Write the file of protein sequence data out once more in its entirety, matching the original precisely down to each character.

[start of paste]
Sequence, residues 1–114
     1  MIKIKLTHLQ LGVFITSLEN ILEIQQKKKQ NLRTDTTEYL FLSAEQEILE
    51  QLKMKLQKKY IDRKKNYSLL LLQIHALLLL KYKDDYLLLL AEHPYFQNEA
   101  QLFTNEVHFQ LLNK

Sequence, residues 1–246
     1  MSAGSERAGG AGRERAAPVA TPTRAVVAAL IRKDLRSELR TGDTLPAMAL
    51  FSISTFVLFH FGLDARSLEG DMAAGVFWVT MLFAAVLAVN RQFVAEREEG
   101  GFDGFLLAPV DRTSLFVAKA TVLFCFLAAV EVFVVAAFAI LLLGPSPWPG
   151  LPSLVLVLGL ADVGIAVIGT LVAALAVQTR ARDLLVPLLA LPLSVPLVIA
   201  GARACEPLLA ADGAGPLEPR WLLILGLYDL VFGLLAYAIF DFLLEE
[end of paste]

Sequence, residues 1–114
     1  MIKIKLTHLQ LGVFITSLEN ILEIQQKKKQ NLRTDTTEYL FLSAEQEILE
    51  QLKMKLQKKY IDRKKNYSLL LLQIHALLLL KYKDDYLLLL AEHPYFQNEA
   101  QLFTNEVHFQ LLNK

Sequence, residues 1–246
     1  MSAGSERAGG AGRERAAPVA TPTRAVVAAL IRKDLRSELR TGDTLPAMAL
    51  FSISTFVLFH FGLDARSLEG DMAAGVFWVT MLFAAVLAVN RQFVAEREEG
   101  GFDGFLLAPV DRTSLFVAKA TVLFCFLAAV EVFVVAAFAI LLLGPSPWPG
   151  LPSLVLVLGL ADVGIAVIGT LVAALAVQTR ARDLLVPLLA LPLSVPLVIA
   201  GARACEPLLA ADGAGPLEPR WLLILGLYDL VFGLLAYAIF DFLLEE